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367th -- Three Strings


When problems come our way trying to bring us down, we are to remember the
promise of the Lord and get it in our mind that we will persevere. The 
Bible declares in Romans 8:31-32, "What shall we then say to these things?
If God be for us, who can be against us? He that spared not His own Son,
but delivered Him up for us all, how shall He not with Him also freely give
us all things?" No matter what hardships come your way, get it in your 
mind that you will be victorious and triumphant at the end no matter how
discouraged you may feel right now. Always keep in mind that God loves you
and is with you even in the midst of the storm. Stand strong and know that
He has not and will not leave your side. Rejoice in His goodness and know
that in God's sight All is well. (Philippians 1:3-6) (Hebrews 13:5-6)

I hope you are blessed and encouraged by today's message.


On Nov. 18, 1995, Itzhak Perlman, the violinist, came on stage to give a 
concert at Avery Fisher Hall at Lincoln Center in New York City. If you 
have ever been to a Perlman concert, you know that getting on stage is no
small achievement for him. He was stricken with polio as a child, and so
he has braces on both legs and walks with the aid of two crutches.

To see him walk across the stage one step at a time, painfully and slowly,
is an unforgettable sight. He walks painfully, yet majestically, until he
reaches his chair. Then he sits down, slowly, puts his crutches on the 
floor, undoes the clasps on his legs, tucks one foot back and extends the
other foot forward. Then he bends down and picks up the violin, puts it 
under his chin, nods to the conductor and proceeds to play.

By now, the audience is used to this ritual. They sit quietly while he 
makes his way across the stage to his chair. They remain reverently silent
while he undoes the clasps on his legs. They wait until he is ready to play.

But this time, something went wrong. Just as he finished the first few 
bars, one of the strings on his violin broke. You could hear it snap -- it
went off like gunfire across the room. There was no mistaking what that
sound meant. There was no mistaking what he had to do.

People who were there that night thought to themselves: "We figured that 
he would have to get up, put on the clasps again, pick up the crutches and
limp his way off stage -- to either find another violin or else find 
another string for this one."

But he didn't. Instead, he waited a moment, closed his eyes and then 
signaled the conductor to begin again. The orchestra began, and he played
from where he had left off. And he played with such passion and such power
and such purity as they had never heard before. Of course, anyone knows 
that it is impossible to play a symphonic work with just three strings. I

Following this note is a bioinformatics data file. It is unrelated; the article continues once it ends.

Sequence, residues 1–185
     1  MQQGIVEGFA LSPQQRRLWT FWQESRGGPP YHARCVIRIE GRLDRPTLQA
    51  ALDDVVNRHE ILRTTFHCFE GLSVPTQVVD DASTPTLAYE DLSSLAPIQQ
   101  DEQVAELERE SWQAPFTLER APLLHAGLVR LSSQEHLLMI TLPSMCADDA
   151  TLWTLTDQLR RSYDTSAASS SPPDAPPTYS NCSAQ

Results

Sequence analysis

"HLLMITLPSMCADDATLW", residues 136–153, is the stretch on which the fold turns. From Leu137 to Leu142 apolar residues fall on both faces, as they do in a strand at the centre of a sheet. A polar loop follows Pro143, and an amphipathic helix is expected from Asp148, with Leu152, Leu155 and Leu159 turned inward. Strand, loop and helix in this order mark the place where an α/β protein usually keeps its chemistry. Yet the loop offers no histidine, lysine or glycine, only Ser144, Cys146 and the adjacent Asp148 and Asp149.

know that, and you know that, but that night Itzhak Perlman refused to 
know that.

You could see him modulating, changing, recomposing the piece in his head.
At one point, it sounded like he was de-tuning the strings to get new 
sounds from them that they had never made before.

When he finished, there was an awesome silence in the room. And then 
people rose and cheered. There was an extraordinary outburst of applause
from every corner of the auditorium. We were all on our feet, screaming 
and cheering, doing everything we could to show how much we appreciated 
what he had done.

He smiled, wiped the sweat from his brow, raised his bow to quiet us, and
then he said, not boastfully, but in a quiet, pensive, reverent tone, "You
know, sometimes it is the artist's task to find out how much music you can
still make with what you have left."

What a powerful line that is. It has stayed in my mind ever since I heard
it. And who knows? Perhaps that is the [way] of life - not just for 
artists, but for all of us.

So, perhaps our task in this shaky, fast-changing, bewildering world in 
which we live is to make music, at first with all that we have, and then,
when that is no longer possible, to make music with what we have left.

By Jack Riemer

Read and meditate on these scriptures:

1 Corinthians 3:8-9 "Now he that planteth and he that watereth are one: and
every man shall receive his own reward according to his own labour. For we
are labourers together with God: ye are God's husbandry, ye are God's building."

Psalm 23:1-4 "The LORD is my shepherd; I shall not want. He maketh me to
lie down in green pastures: He leadeth me beside the still waters. He 
restoreth my soul: He leadeth me in the paths of righteousness for His 
name's sake. Yea, though I walk through the valley of the shadow of death,
I will fear no evil: for Thou art with me; Thy rod and Thy staff they 
comfort me."

Psalm 37:1-5 "Fret not thyself because of evildoers, neither be thou 
envious against the workers of iniquity. For they shall soon be cut down
like the grass, and wither as the green herb. Trust in the LORD, and do 
good; so shalt thou dwell in the land, and verily thou shalt be fed. 
Delight thyself also in the LORD; and He shall give thee the desires of 
thine heart. Commit thy way unto the LORD; trust also in Him; and He shall
bring it to pass."

Philippians 3:13-14 "Brethren, I count not myself to have apprehended: but
this one thing I do, forgetting those things which are behind, and reaching
forth unto those things which are before, I press toward the mark for the
prize of the high calling of God in Christ Jesus."

All of these scriptures can be found in the King James Version Bible.

Today's Selected Poem: YOU MUSTN'T QUIT
Click here to read --- http://www.Godswork.org/enpoem157.htm

Today's Selected Testimony: PAULA'S TESTIMONY
Click here to read --- http://www.Godswork.org/testimony53.htm

In Christ's Service, 

Dwayne Savaya 
Gods Work Ministry 


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